Det McCormack said Youssouf was in his final year in mechanical engineering in NUIG and was also working in a local restaurant.

She said he was married to a Chad national, who is also an EU national and she was entitled to stay here. The couple have two children, she added.

Det McCormack said she didn’t know if the State was supporting Youssouf’s education at NUIG.

Defence barrister, Brendan Browne said the accused used the money to support his family and send money home to his sick mother.

She said Youssouf had been offered a place on the Masters Programme and if he was given an opportunity to complete his exams, his job prospects might help him make restitution to the State.

She said he was due to sit his exams next month and would take the place on the Masters Programme if his results were good.

Judge Rory McCabe said this had been a well-planned, premeditated, long-term fraud and the layers of cheating involved were evident.

The accused, he said, had systematically increased his illegal access to State payments, even while working.

The judge said the accused was fortunate his criminality was being dealt with in this jurisdiction as he had told the probation service himself that the range of penalties in his country of origin were very severe.

Judge McCabe said the appropriate sentence was three years and six months for each charge to run concurrently, but he adjourned sentence for one year, to allow the accused finish his education, to give him time to reflect on how he will pay back the money and to make preparations for his wife and children while he goes to prison.


Council rows back on ‘reduced delays’ projections for Kirwan junction



From this week’s Galway City Tribune – Motorists have described it as ‘a disaster’ and a former mayor has said the project gave very poor value for money, but Galway City Council have this week asked the public to be patient with the revamped Kirwan junction, close to the Menlo Park Hotel.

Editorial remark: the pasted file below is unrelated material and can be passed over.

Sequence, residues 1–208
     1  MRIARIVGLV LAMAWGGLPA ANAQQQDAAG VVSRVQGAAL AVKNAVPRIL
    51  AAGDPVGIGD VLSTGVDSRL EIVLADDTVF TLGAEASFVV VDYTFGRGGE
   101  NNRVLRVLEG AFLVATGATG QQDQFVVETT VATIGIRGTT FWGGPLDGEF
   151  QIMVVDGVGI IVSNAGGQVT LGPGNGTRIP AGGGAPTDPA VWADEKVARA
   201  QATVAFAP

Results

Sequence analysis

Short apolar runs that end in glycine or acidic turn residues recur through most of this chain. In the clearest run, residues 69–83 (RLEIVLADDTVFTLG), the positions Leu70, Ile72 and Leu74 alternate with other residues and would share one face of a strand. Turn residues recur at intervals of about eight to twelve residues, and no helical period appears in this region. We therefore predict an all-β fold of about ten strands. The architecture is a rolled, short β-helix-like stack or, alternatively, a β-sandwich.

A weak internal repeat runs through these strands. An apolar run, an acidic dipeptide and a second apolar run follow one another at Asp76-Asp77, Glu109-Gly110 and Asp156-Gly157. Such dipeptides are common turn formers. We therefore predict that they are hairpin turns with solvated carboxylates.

Since the four-arm signalled junction opened early last week, motorists have complained of traffic queues stretching back to the Quincentenary Bridge and Corrib Park.

And now the Council has rowed back on its consultants’ claims that the junction would increase capacity by 15% and reduce waiting times by 25%.

Former mayor and local taxi driver, Cllr Frank Fahy, told the Galway City Tribune that given the negative impact of the junction on traffic, the €5 million spent on the project represented ‘very poor value’ as regards taxpayers’ money.

“I will admit that the junction is now safer for pedestrians in that they can hit a button to give them a safe crossing, but since it opened there have some very serious traffic tailbacks,” said Cllr Fahy.

However, City Council Acting Director of Services for Transport, Uinsinn Finn, told the Galway City Tribune that the new junction needed time to ‘bed in’ with a familiarisation process.

“The main objectives of this project were to make far safer for pedestrians and cyclists to negotiate, as well as making it safer for motorists too, without impacting [negatively] on the traffic flow,” said Mr Finn.

He added that since it opened – and over the coming few weeks – data on all aspects of how the junction was functioning would be compiled which could involve changes to light sequencing, lanes and peak traffic flows.